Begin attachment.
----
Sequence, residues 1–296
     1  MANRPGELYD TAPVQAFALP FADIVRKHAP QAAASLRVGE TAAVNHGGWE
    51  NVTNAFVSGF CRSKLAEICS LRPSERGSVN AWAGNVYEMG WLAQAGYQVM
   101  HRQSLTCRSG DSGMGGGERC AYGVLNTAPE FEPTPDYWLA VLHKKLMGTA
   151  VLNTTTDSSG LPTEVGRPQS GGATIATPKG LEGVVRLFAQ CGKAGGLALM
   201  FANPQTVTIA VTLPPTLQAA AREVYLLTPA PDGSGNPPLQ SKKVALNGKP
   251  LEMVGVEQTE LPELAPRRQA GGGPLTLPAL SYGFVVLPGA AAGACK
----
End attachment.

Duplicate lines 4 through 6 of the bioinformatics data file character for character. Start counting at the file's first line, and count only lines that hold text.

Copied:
   101  HRQSLTCRSG DSGMGGGERC AYGVLNTAPE FEPTPDYWLA VLHKKLMGTA
   151  VLNTTTDSSG LPTEVGRPQS GGATIATPKG LEGVVRLFAQ CGKAGGLALM
   201  FANPQTVTIA VTLPPTLQAA AREVYLLTPA PDGSGNPPLQ SKKVALNGKP